Easter TBR pile

Over the past week or so, my TBR pile has gotten a little...out of control. Given that Easter tends to be a time of not-going-anywhere-because-everything-is-closed, I'm hoping that I can make some headway in the aforementioned pile. Especially as down here in the Antipodes, we have another long weekend next weekend courtesy of my birthday Anzac Day!

So what's in my TBR pile at the moment?

These are the physical copies. Technically, I'm like 80% of the way through The Odyssey, but I'd really like to get it finished so that I can give it back to Ness (I read like 225 pages in one afternoon of sitting in the hospital waiting for her to be discharged and have been averaging about 20 pages a day since then. Womp womp). And Fangirl is a reread, although I read it as an e-book last year, so I'm pretty psyched about reading it in physical form. Half Bad and Popular were freebies, courtesy of the Penguin Teen Australia live event on Monday night, and I'm pretty excited about reading both of them. And Two Graves is my last remaining library book.

Now for the e-books:


Stolen Songbird I've been excited about for a couple of months now. Stay Awhile is another reread, but I'm counting it as in my TBR pile anyway because I reeeeeeeeeally need to get through it before the final book in the series comes out. Which will be soon (right, Alysia?!?!?!). Pushing the Limits and The Enemy are recent additions following a bunch of "OMG YOU SHOULD READ THIS!" suggestions at PTA Live. The others have been languishing on my Kindle for months now (although I'm pretty sure that The Elite is going to be a #stupidbookisstupid hate read based on my feelings towards The Selection...).

So there you have it. Eleven books (not including the one I'm currently reading). I doubt I'll get through them all over Easter (and the Anzac Day long weekend), but hopefully I can at least whittle the list down to a more manageable level!

What are you planning on reading over the long weekend?

K xx

Wednesday, April 16, 2014

Weird casting choice is weird

I've been watching Bitten over the past week or so, and to be honest, I'm a little amazed it took me this long because Kelley Armstrong's Women of the Otherworld books are one of my favourite series. They have great characters, awesome world-building, and fun stories filled with action and suspense and occasional squeeing. And yet, I was hesitant when it was announced that they were turning Bitten into a series.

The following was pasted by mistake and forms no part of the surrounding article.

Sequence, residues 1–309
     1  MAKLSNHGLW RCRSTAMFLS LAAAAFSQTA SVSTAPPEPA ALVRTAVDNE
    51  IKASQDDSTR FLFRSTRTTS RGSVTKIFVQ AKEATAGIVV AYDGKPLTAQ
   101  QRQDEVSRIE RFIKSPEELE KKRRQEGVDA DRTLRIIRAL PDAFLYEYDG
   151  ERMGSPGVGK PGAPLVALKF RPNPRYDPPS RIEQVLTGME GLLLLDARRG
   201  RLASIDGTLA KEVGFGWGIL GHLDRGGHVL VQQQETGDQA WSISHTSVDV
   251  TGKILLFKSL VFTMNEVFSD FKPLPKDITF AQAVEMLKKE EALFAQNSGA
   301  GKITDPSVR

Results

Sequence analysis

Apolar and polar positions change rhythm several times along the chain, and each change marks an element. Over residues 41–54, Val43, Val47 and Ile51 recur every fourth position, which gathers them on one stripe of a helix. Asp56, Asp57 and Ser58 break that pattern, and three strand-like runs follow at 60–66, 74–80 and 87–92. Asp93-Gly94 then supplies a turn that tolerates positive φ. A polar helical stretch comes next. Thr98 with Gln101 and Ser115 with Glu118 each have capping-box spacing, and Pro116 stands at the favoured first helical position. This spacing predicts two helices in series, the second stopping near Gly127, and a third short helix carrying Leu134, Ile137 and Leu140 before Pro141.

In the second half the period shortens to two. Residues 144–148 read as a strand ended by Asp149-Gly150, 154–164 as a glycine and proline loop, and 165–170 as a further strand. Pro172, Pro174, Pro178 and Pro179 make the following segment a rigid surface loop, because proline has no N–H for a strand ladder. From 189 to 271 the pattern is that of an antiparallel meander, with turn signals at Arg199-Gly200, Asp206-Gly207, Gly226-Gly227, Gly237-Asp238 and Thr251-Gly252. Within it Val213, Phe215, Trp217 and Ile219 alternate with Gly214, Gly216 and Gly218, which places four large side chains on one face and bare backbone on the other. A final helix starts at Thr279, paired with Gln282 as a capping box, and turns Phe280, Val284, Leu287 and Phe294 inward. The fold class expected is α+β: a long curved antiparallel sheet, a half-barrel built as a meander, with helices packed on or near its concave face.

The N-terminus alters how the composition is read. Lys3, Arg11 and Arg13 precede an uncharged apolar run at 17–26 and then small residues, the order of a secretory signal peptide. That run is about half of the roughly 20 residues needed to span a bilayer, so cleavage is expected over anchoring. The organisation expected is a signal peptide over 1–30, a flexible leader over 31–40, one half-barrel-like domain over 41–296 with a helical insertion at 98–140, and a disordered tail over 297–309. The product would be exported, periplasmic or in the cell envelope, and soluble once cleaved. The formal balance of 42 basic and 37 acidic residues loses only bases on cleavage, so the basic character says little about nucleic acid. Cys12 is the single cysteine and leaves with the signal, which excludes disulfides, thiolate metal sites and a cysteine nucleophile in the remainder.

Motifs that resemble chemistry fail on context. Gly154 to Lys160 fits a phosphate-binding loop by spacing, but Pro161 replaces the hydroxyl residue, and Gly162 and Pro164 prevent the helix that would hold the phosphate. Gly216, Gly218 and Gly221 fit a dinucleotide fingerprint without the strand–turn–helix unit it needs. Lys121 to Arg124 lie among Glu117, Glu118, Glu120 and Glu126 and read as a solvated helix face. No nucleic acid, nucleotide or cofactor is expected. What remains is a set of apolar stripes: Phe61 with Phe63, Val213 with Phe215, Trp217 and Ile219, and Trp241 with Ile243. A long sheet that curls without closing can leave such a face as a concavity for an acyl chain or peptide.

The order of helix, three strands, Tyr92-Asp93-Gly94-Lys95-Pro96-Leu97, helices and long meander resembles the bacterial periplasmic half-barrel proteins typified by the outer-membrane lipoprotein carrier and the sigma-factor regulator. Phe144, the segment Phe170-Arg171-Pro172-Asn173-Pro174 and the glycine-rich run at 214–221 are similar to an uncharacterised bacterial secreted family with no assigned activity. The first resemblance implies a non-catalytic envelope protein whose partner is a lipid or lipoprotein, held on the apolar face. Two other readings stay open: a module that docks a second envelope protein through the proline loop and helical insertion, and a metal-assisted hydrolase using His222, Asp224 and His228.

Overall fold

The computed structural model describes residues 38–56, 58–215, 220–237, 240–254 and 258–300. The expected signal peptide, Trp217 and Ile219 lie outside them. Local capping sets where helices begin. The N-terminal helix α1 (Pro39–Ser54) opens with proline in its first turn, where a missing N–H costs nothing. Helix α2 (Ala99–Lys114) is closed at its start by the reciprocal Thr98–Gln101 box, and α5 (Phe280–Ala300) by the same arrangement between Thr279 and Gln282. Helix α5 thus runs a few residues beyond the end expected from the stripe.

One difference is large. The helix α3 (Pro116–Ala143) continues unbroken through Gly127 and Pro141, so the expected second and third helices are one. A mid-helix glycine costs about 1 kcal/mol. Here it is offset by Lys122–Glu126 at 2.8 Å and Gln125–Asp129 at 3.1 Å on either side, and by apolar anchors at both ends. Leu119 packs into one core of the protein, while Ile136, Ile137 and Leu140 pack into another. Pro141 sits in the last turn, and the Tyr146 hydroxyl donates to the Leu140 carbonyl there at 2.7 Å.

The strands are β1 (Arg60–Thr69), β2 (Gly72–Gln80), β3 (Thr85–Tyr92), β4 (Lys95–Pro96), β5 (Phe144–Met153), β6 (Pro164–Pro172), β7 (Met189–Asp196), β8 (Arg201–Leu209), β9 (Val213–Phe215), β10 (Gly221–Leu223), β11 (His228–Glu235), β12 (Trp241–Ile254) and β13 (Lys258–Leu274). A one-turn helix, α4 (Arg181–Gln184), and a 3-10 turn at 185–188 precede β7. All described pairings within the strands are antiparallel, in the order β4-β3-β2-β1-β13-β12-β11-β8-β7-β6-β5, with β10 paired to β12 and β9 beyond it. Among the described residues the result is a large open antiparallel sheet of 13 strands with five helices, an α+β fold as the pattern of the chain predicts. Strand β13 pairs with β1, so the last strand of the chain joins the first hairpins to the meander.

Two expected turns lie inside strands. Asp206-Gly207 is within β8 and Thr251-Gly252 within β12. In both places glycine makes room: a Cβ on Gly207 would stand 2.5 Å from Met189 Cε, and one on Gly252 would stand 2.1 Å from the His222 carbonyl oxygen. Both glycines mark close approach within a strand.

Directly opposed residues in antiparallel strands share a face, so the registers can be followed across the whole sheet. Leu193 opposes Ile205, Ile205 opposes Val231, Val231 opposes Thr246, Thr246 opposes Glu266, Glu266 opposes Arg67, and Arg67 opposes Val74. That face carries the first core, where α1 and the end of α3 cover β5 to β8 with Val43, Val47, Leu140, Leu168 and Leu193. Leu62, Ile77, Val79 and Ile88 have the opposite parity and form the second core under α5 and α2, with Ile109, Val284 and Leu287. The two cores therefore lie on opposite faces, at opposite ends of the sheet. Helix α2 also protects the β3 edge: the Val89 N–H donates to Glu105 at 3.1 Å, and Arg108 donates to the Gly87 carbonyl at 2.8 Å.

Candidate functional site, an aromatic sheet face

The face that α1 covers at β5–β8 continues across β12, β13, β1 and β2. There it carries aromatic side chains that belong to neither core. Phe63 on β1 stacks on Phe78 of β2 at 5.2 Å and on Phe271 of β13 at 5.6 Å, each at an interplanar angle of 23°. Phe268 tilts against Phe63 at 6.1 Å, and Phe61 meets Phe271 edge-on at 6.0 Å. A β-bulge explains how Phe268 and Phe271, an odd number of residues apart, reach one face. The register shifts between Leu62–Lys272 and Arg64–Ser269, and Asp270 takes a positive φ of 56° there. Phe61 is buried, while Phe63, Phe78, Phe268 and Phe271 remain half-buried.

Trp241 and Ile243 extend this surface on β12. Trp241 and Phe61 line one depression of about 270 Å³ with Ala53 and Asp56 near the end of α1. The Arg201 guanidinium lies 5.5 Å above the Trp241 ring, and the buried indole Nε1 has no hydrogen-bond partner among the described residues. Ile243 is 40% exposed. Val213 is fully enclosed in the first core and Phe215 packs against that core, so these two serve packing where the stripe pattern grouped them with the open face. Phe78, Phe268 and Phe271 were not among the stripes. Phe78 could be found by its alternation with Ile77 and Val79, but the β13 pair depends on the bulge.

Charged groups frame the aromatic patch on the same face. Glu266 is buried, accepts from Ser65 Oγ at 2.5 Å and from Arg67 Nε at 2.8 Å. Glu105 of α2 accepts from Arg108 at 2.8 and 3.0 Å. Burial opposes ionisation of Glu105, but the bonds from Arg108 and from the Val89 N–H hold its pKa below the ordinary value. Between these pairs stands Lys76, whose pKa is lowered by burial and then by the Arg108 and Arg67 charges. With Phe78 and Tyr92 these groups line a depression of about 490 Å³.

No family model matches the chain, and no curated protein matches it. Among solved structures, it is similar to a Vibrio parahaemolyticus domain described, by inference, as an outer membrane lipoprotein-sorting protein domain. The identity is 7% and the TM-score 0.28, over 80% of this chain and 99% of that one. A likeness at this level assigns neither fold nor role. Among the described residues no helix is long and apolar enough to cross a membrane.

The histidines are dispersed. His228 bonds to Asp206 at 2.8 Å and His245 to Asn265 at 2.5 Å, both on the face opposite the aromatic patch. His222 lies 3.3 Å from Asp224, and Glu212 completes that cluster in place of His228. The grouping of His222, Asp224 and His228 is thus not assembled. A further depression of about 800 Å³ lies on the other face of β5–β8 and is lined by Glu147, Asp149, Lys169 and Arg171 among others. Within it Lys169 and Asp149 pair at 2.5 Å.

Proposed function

Why? Because for starters, they only have the rights to the werewolf books, which basically means that they'll be forced to go non-canon pretty damned quickly. And secondly, because adaptations always come with a certain amount of "Oh. That's not how I pictured [person/place/event]" (see: the entirety of the 2005 Pride and Prejudice) or "Why didn't they include that scene?" (see: Bridget Jones: The Edge of Reason) or "WHO DESTROYED THIS CHARACTER?????" (see: Ginny Weasley) or "Um. This is not how the plot goes at ALL." (see: anything titled The Lost World)

It's inevitable that this happens, and - based on some stuff I've seen floating around the internet - there were a lot of Women of the Otherworld fans who aren't happy with the way the show is going. I'm trying to keep an open mind - I still have two episodes left  - but there are a few things that I can't quite get over, and they mostly relate to characterisation.

1. Elena Michaels
Okay, so Elena is our protagonist. She grew up in the foster system, she fell in love with a guy, he turned her into the only female werewolf of ever. All of this applies to both the book and the series. But. Book!Elena is very jeans, t-shirt and sneakers low key. She ties her hair back with rubber bands, hates make up and perfume because it messes with her sense of smell, and she's a freelance journalist. What does the TV show give us?